In the wake of another mass shooting, people are tired of prayers in the place of plans, and of half-felt sympathy offered as a poor substitute for real empathy (which demands a response).
I think Jesus would be upset as well. We belittle any power prayer can have when we allow it to be reduced to a political talking point or a thing we do to make ourselves feel better when we encounter terrible things. We should always be wary of such acts of ‘devotion.’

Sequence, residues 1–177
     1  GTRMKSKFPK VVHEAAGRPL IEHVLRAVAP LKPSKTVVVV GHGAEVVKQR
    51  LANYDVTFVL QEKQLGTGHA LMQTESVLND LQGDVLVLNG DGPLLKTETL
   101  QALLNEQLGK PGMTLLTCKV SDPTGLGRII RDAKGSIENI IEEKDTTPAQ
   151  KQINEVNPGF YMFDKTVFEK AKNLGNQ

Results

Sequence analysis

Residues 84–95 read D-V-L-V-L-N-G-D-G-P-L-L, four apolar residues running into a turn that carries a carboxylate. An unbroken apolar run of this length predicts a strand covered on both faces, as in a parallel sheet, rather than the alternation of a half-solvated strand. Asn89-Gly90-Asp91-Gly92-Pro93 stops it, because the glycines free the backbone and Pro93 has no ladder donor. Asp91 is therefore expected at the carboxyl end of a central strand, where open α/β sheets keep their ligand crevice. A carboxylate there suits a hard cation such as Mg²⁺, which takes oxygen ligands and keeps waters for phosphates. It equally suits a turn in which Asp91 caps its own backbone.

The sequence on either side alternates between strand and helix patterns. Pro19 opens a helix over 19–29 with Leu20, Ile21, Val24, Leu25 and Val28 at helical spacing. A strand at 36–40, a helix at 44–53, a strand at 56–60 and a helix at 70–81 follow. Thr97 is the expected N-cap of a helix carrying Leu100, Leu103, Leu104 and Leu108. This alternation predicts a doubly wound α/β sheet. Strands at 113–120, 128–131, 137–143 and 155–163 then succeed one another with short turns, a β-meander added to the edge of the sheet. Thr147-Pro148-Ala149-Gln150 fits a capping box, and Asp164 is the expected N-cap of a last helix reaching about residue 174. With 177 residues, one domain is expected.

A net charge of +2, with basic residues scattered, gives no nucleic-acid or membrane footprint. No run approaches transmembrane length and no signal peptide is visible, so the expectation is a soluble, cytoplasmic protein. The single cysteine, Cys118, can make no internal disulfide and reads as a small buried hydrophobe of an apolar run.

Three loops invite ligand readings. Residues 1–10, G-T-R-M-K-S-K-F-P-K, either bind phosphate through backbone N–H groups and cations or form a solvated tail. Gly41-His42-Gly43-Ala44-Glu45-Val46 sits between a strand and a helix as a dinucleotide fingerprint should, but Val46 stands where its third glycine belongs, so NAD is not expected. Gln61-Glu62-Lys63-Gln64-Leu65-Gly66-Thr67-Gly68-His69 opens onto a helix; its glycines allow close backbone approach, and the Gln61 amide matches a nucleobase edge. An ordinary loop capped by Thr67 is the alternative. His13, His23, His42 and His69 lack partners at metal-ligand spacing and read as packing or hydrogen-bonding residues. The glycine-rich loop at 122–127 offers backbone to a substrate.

I suspect that this is why Jesus counseled his disciples against public prayer. Where private prayer fosters depth as we wrestle with God for answers, and often find ourselves changed, public prayer is too often corrupted by our need to look good and to receive the affirmation (or, for some, the condemnation) of others.
Don’t get me wrong. It may be comforting to a person who is grieving to know that you are praying for them. But don’t just say it, actually do it, and carry for a time their pain, not as if you own it (because you don’t) but because you love them.
And for God’s sake, don’t tweet about it.